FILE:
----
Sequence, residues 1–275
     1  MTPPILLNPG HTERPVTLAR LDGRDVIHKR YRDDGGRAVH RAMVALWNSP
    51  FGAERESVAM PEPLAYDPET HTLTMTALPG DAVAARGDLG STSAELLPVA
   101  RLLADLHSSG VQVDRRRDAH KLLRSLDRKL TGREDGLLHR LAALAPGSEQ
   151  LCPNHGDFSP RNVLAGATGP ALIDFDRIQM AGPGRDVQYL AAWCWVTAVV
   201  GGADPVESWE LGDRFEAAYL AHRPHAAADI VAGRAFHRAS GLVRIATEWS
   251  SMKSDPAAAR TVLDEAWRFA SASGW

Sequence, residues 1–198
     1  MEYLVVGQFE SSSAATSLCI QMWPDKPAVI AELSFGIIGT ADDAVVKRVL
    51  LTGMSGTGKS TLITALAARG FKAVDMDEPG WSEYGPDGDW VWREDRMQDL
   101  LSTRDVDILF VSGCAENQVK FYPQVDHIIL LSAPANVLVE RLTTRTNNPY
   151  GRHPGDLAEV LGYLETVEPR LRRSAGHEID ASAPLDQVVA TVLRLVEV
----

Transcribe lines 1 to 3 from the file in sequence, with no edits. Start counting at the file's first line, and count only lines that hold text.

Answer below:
Sequence, residues 1–275
     1  MTPPILLNPG HTERPVTLAR LDGRDVIHKR YRDDGGRAVH RAMVALWNSP
    51  FGAERESVAM PEPLAYDPET HTLTMTALPG DAVAARGDLG STSAELLPVA